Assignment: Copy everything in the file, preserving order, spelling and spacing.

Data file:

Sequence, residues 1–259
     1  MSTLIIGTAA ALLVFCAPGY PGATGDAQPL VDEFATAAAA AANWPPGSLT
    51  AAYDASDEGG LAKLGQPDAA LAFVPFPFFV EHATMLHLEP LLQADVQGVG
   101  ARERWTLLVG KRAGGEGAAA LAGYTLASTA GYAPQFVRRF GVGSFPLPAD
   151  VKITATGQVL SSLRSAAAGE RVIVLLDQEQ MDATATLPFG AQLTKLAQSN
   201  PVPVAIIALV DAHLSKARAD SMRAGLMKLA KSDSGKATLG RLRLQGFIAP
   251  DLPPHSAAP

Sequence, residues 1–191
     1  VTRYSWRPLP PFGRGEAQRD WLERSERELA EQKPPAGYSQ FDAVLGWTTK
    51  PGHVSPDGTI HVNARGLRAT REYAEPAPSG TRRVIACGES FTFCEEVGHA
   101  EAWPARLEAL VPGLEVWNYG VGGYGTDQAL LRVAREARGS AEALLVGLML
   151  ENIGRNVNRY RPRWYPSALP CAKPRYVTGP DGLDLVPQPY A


Sequence, residues 1–259
     1  MSTLIIGTAA ALLVFCAPGY PGATGDAQPL VDEFATAAAA AANWPPGSLT
    51  AAYDASDEGG LAKLGQPDAA LAFVPFPFFV EHATMLHLEP LLQADVQGVG
   101  ARERWTLLVG KRAGGEGAAA LAGYTLASTA GYAPQFVRRF GVGSFPLPAD
   151  VKITATGQVL SSLRSAAAGE RVIVLLDQEQ MDATATLPFG AQLTKLAQSN
   201  PVPVAIIALV DAHLSKARAD SMRAGLMKLA KSDSGKATLG RLRLQGFIAP
   251  DLPPHSAAP

Sequence, residues 1–191
     1  VTRYSWRPLP PFGRGEAQRD WLERSERELA EQKPPAGYSQ FDAVLGWTTK
    51  PGHVSPDGTI HVNARGLRAT REYAEPAPSG TRRVIACGES FTFCEEVGHA
   101  EAWPARLEAL VPGLEVWNYG VGGYGTDQAL LRVAREARGS AEALLVGLML
   151  ENIGRNVNRY RPRWYPSALP CAKPRYVTGP DGLDLVPQPY A